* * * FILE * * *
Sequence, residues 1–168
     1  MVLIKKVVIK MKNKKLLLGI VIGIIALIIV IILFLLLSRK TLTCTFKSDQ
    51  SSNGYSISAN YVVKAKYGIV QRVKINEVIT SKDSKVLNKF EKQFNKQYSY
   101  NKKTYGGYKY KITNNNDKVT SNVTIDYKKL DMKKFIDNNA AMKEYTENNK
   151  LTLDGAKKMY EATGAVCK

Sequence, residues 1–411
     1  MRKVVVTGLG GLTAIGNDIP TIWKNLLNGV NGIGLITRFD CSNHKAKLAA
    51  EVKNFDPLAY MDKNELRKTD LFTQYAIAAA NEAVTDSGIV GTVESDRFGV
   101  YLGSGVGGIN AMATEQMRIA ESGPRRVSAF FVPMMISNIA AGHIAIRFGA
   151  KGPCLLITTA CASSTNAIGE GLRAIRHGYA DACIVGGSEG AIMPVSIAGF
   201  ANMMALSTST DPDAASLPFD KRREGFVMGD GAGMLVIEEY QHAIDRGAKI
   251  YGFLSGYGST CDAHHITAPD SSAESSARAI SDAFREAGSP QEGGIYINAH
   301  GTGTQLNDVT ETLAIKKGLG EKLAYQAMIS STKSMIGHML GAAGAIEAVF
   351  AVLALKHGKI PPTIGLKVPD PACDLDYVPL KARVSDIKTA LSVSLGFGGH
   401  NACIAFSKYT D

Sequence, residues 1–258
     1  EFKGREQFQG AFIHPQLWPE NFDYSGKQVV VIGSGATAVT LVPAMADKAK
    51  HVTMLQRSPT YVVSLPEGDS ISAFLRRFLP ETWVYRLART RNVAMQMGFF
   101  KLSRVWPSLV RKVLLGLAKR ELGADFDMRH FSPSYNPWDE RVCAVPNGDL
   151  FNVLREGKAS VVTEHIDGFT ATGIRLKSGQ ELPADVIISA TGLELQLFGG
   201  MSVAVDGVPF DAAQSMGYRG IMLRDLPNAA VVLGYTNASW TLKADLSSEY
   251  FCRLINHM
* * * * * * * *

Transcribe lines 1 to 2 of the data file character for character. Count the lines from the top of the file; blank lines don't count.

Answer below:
Sequence, residues 1–168
     1  MVLIKKVVIK MKNKKLLLGI VIGIIALIIV IILFLLLSRK TLTCTFKSDQ